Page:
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Food Insecurity a New Threat for Lebanon’s Syrian Refugees

BEIRUT, Jul 22 2014 (IPS) - A declining economy and a severe drought have raised concerns in Lebanon over food security as the country faces one of its worst refugee crises, resulting from the nearby Syria war, and it is these refugees and impoverished Lebanese border populations that are most vulnerable to this new threat.

A severe drought has put the Lebanese agricultural sector at risk. According to the Meteorological Department at Rafik Hariri International Airport, average rainfall in 2014 is estimated at 470 mm, far below annual averages of 824 mm.

The drought has left farmers squabbling over water. “We could not plant this year and our orchards are drying up, we are only getting six hours of water per week,” says Georges Karam, the mayor of Zabougha, a town located in the Bekfaya area in Lebanon.

“Any major domestic or regional security or political disruptions which undermine economic growth and job creation could lead to higher poverty levels and associated food insecurity” – Maurice Saade of the World Bank's Middle East and North Africa Department

The drought has resulted in a substantial decline in agricultural production throughout the country. “The most affected products are fruits and vegetables, the prices of which have increased, thus affecting economic access of the poor and vulnerable populations,”says Maurice Saade, Senior Agriculture Economist at the World Bank’s Middle East and North Africa Department.

According to the Food and Agricultural Organization (FAO), food security exists when all people, at all times, have physical and economic access to sufficient, safe and nutritious food to meet their dietary needs. Although most households in Lebanon are considered food secure, lower income households are vulnerable to inflationary trends in food items because they tend to spend a larger share of their disposable income on staples, explains Saade.

Lebanon’s poverty pockets are generally concentrated in the north (Akkar and Dinnyeh), Northern Bekaa (Baalbek and Hermel) and in the south, as well as the slums located south of Beirut. These areas currently host the largest number areas of refugee population, fleeing the nearby Syria war.

According to Clemens Breisinger, senior research fellow at the International Food Policy Research Institute (IFPRI), Lebanon currently imports about 90 percent of its food needs. “This means meant that the drought’s impact should be limited in term of the food available on the market,” he says.

However, populations residing in Lebanon’s impoverished areas are still at risk, especially those who are not financially supported by relatives (as is the custom in Lebanon) or benefit from state aid or from local charities operating in border areas. Lebanese host populations are most likely the most vulnerable to food insecurity, explains Saade.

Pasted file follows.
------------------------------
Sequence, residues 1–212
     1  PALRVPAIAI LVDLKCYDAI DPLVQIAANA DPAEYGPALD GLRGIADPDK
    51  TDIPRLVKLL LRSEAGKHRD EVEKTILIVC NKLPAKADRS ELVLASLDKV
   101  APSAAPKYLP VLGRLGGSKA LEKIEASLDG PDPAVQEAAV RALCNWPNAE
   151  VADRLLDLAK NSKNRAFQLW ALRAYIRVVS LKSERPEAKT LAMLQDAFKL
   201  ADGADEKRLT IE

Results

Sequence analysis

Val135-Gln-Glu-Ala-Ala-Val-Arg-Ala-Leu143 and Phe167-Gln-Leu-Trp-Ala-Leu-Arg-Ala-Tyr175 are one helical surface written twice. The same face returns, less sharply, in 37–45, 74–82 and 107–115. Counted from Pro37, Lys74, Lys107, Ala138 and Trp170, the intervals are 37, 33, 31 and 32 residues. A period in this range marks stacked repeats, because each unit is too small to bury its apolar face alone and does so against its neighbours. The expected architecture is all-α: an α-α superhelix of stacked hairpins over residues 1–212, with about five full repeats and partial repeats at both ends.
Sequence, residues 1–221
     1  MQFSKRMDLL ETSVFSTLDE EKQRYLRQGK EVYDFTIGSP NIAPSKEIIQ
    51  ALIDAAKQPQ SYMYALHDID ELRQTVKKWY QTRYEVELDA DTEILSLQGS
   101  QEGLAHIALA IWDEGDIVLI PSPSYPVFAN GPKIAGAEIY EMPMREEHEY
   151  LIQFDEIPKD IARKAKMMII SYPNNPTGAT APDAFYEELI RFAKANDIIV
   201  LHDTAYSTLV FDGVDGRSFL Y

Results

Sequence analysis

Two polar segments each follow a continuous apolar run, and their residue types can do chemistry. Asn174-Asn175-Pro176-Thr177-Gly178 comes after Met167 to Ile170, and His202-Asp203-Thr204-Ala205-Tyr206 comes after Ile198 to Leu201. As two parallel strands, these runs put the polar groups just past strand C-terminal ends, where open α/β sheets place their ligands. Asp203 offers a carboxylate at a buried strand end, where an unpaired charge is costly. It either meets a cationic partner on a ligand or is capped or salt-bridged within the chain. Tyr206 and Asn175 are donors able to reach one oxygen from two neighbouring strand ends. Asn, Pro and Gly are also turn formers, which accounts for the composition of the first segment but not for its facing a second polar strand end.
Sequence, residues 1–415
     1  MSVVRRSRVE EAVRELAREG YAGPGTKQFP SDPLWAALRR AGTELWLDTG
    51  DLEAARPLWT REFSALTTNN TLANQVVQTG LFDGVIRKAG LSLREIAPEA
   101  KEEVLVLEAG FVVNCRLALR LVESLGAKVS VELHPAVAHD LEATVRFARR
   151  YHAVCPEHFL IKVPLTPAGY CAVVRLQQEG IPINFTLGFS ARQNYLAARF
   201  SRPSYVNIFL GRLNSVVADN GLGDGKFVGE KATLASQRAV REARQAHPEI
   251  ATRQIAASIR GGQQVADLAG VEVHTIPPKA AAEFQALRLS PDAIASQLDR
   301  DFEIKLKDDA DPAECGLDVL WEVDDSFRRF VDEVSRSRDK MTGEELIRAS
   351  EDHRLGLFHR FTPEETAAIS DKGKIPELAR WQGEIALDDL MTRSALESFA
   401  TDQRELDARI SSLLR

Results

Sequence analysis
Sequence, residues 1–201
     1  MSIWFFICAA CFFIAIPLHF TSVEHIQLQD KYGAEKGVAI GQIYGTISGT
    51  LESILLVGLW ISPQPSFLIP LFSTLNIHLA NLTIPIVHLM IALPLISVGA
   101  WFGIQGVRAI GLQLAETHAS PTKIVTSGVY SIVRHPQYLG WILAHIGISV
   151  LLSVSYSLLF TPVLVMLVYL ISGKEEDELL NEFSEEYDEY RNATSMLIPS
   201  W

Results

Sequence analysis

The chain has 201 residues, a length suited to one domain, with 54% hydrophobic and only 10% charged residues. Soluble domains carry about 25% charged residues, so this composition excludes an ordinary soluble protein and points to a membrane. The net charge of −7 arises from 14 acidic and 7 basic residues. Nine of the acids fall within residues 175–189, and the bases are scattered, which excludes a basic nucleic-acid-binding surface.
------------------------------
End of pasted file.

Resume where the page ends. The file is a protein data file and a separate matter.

According to the UNHCR, there are just over one million Syrian refugees in Lebanon. While the food situation is still manageable thanks to efforts of international donors who maintain food supplies to the population, “these rations are nonetheless always threatened by the lack of donor funding,” Saade stresses. In addition, refugee populations are largely dependent on food aid, because they are essentially comprised of women and children, with little or no access to the job market.

Given that Lebanon depends to a large extent on food imports, mostly from international markets, maintaining food security also depends on the ability of lower income groups to preserve their purchasing power as well as the stability of these external markets.

“This means that any major domestic or regional security or political disruptions which undermine economic growth and job creation could lead to higher poverty levels and associated food insecurity,” says Saade.

In addition any spikes in international food prices, such as those witnessed in 2008, could lead to widespread hunger among vulnerable populations.

Breisinger believes that despite increased awareness of the international community, the factors leading to a new food crisis are still present.Increased demand for food generally, fuel prices, the drop in food reserves, certain government policies as well as the diversion of grain and oilseed crops for biofuel production are elements that put pressure on the food supply chain and can eventually contribute to hunger in certain vulnerable countries.

To avoid such a risk, some countries have implemented specific measures such as building grain reserves. “I am not sure how Lebanon has reacted so far,” says Breisinger.  With little government oversight and widespread corruption, Lebanon’s vulnerability to food insecurity has been compounded by unforgiving weather conditions, a refugee crisis and worsening economic conditions which, if left unattended, could spiral out of control.

 
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